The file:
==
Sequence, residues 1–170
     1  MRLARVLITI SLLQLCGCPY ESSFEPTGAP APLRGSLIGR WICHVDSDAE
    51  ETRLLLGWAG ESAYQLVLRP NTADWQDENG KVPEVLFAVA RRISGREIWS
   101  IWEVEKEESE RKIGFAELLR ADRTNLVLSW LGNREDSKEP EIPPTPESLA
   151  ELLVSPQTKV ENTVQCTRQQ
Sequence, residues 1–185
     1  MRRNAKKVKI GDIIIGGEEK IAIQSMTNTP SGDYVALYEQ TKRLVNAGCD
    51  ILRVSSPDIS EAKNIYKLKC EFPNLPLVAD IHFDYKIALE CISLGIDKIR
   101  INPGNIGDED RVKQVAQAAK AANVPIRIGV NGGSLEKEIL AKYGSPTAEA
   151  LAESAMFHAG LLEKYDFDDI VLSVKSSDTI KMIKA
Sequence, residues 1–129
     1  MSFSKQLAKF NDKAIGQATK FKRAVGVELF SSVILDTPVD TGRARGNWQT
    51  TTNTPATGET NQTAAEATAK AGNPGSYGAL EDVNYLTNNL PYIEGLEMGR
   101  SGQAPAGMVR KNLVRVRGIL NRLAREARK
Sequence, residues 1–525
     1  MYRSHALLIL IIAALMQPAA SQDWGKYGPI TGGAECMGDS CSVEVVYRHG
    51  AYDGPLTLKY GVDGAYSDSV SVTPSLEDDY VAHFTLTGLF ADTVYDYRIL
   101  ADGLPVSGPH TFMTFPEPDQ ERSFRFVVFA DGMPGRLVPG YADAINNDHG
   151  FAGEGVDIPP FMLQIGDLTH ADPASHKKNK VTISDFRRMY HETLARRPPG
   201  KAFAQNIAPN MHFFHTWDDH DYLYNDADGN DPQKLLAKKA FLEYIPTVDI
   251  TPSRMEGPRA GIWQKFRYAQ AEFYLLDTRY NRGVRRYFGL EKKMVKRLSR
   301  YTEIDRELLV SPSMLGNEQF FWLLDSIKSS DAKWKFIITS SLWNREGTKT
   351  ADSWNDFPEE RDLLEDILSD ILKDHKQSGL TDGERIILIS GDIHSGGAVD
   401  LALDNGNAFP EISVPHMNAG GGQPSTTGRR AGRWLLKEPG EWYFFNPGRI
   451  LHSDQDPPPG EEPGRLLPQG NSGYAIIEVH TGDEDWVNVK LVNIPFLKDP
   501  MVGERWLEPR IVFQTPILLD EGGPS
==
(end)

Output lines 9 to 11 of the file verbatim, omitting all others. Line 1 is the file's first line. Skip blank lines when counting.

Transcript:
   101  INPGNIGDED RVKQVAQAAK AANVPIRIGV NGGSLEKEIL AKYGSPTAEA
   151  LAESAMFHAG LLEKYDFDDI VLSVKSSDTI KMIKA
Sequence, residues 1–129